Rosenthal (company)

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Rosenthal GmbH
GmbH
Founded 1879
Headquarters Selb, Germany
Products Porcelain
Revenue 130 Mio. Euro (2008)
Number of employees
900 (2012)
Website www.rosenthal.de
Rosenthal factory mark around 1900.
Rosenthal-Weihnachtsteller 1921, designed by Jupp Wiertz
Plastering of raw dishes with the sponge in the Selb factory in 1956.

Rosenthal China, founded in 1879, is a German manufacturer of porcelain and other household goods. In 2009, the company was sold to the Italian group Sambonet Paderno Industrie.

History[edit]

Rosenthal was founded in 1879 as a family business. The company founder, Philipp Rosenthal, moved his porcelain painting from Werl (North Rhine-Westphalia) to Selb in Bavaria, where he industrialized in the castle Erkersreuth with his painting workshop. In 1897, Philipp Rosenthal founded the company Bauer, Rosenthal & Co. in Kronach and Philipp Rosenthal & Co. AG. In 1908, Rosenthal bought the Porcelain manufacturer Thomas in Marktredwitz as well as the porcelain company Zeidler & Co. in 1917, which later became known as the Selb-Plößberg brand railway station and today is one of two seats of the Porzellanikon complex of ceramic museums.

In 1921 the company took over the Krister Porzellanmanufaktur in Wałbrzych (Silesia). The factory was closed in 1945, but the brand was revived in 1951 and used until 1971.[1]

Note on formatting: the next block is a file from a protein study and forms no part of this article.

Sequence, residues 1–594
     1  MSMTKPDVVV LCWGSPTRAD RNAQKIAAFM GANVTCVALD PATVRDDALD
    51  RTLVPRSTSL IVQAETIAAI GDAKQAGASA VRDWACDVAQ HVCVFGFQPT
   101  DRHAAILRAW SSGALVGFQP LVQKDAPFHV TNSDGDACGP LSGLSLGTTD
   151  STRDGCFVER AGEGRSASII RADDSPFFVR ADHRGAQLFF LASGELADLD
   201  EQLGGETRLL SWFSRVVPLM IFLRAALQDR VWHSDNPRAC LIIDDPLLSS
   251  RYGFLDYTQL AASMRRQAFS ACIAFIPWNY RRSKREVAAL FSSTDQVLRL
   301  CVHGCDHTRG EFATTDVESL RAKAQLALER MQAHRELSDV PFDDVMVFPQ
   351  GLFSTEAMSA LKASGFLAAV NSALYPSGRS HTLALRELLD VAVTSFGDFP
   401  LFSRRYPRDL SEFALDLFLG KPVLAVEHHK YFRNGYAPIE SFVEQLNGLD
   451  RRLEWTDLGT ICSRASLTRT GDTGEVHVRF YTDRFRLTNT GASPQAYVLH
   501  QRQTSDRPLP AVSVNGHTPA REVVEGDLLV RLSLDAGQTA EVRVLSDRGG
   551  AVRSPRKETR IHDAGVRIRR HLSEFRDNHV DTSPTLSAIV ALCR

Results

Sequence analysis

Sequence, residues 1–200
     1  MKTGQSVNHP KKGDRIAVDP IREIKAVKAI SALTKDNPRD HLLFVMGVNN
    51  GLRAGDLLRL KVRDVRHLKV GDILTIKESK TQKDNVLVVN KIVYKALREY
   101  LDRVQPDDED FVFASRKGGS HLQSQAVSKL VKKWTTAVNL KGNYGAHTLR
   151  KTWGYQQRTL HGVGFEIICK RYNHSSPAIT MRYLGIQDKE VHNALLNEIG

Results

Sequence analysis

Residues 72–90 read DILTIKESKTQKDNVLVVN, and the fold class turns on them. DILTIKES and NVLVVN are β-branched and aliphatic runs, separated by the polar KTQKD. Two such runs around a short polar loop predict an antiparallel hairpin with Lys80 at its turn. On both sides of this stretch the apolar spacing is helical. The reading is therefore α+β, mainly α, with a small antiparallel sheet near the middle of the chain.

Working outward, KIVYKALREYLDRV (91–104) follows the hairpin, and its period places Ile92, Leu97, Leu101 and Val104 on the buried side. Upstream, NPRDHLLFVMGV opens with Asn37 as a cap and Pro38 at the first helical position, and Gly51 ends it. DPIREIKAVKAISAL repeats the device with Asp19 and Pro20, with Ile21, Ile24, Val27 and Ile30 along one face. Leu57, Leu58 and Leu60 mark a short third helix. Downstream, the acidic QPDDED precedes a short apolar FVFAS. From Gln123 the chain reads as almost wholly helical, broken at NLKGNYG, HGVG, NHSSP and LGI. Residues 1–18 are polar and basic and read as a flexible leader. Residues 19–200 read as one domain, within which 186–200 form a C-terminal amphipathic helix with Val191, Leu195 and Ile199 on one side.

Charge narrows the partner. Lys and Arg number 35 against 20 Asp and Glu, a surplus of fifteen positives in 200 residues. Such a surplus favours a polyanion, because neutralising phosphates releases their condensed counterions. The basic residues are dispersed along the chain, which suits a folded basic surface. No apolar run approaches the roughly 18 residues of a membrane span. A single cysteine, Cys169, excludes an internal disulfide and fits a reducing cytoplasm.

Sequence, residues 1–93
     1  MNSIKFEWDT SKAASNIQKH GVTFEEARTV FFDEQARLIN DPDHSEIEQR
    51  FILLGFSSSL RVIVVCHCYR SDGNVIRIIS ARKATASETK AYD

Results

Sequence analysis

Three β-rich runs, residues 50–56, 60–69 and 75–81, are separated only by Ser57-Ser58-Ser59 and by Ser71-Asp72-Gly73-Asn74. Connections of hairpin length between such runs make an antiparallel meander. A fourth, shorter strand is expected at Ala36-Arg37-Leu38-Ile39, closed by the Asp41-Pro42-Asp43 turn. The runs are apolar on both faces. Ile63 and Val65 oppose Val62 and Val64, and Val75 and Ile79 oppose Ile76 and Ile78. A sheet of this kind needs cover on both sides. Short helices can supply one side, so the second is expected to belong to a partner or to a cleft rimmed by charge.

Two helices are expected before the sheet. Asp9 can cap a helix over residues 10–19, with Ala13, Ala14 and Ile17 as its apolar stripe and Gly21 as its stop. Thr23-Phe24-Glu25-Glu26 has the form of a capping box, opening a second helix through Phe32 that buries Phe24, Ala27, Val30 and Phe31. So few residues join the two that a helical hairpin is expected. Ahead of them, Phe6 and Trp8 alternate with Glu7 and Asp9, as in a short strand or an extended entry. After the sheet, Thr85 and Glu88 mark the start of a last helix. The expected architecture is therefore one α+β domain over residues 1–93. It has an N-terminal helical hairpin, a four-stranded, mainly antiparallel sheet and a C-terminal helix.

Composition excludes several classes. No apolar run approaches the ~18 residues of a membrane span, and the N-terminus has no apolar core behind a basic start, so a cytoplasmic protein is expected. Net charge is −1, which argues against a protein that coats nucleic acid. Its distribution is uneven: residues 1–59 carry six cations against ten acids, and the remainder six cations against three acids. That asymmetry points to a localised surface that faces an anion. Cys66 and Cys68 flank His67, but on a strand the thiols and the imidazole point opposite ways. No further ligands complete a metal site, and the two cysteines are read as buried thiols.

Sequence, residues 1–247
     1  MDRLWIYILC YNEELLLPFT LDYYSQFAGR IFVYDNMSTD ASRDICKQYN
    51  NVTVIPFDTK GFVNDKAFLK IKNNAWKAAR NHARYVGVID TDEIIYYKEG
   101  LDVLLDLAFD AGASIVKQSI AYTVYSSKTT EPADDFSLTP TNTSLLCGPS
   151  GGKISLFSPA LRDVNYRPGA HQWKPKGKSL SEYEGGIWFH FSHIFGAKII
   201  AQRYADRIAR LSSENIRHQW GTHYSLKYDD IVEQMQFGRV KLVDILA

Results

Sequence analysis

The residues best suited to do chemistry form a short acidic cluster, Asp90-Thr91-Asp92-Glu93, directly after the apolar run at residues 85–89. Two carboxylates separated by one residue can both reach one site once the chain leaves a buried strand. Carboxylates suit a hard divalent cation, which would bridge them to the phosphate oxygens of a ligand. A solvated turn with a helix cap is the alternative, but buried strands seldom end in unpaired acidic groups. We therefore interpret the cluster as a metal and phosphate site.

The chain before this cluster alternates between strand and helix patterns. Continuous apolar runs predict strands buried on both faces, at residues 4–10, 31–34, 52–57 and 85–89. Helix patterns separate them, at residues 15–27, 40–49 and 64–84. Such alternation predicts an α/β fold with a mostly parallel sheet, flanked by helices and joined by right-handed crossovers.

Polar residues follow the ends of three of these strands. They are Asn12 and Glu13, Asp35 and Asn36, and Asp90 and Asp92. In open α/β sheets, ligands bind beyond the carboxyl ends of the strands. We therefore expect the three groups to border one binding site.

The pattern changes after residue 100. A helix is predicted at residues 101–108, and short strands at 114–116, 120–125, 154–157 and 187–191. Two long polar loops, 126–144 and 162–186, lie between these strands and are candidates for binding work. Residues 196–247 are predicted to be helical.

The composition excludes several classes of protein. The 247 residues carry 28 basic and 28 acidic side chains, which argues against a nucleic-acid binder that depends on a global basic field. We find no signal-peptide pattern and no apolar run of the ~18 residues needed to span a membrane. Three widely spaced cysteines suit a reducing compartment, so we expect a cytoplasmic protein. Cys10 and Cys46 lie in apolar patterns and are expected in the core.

In the period of national socialism, Philipp Rosenthal had to withdraw from the enterprise in 1934 because of his Jewish background. The Board of Management and the Supervisory Board turned against Rosenthal and implemented various measures to prevent Philipp Rosenthal from using his voting shares in order to change the composition of the Management Board and the Supervisory Board. The Nazi Party was asked for support and sold the voting shares to persons who were not well-disposed towards Rosenthal.[2] However, the Nazi regime did not go directly against Philipp Rosenthal in order not to jeopardize the foreign business of the company. The reasonably covertly concealed Aryans took advantage of the family, and urged Rosenthal's successor to step out of the company. Philipp Rosenthal's death in 1937 finally paved the way for his grandchildren and the anti-Semitic executive committee.